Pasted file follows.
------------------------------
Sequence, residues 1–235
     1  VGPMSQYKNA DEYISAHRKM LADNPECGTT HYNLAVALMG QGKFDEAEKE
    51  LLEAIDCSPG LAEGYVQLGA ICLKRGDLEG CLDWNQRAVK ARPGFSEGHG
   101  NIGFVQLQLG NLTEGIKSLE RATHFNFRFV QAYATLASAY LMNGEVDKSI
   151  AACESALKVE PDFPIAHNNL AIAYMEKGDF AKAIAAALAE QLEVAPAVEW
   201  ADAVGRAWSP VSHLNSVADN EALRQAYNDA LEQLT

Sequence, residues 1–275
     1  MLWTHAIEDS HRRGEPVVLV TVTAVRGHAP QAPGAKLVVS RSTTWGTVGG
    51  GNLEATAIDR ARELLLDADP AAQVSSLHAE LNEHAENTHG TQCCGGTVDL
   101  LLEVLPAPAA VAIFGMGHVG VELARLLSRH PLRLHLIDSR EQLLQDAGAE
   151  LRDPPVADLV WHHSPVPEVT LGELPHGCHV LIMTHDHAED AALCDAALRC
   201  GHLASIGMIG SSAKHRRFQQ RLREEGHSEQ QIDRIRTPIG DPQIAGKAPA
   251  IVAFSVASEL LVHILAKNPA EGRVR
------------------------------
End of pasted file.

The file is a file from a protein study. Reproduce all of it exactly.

Sequence, residues 1–235
     1  VGPMSQYKNA DEYISAHRKM LADNPECGTT HYNLAVALMG QGKFDEAEKE
    51  LLEAIDCSPG LAEGYVQLGA ICLKRGDLEG CLDWNQRAVK ARPGFSEGHG
   101  NIGFVQLQLG NLTEGIKSLE RATHFNFRFV QAYATLASAY LMNGEVDKSI
   151  AACESALKVE PDFPIAHNNL AIAYMEKGDF AKAIAAALAE QLEVAPAVEW
   201  ADAVGRAWSP VSHLNSVADN EALRQAYNDA LEQLT

Sequence, residues 1–275
     1  MLWTHAIEDS HRRGEPVVLV TVTAVRGHAP QAPGAKLVVS RSTTWGTVGG
    51  GNLEATAIDR ARELLLDADP AAQVSSLHAE LNEHAENTHG TQCCGGTVDL
   101  LLEVLPAPAA VAIFGMGHVG VELARLLSRH PLRLHLIDSR EQLLQDAGAE
   151  LRDPPVADLV WHHSPVPEVT LGELPHGCHV LIMTHDHAED AALCDAALRC
   201  GHLASIGMIG SSAKHRRFQQ RLREEGHSEQ QIDRIRTPIG DPQIAGKAPA
   251  IVAFSVASEL LVHILAKNPA EGRVR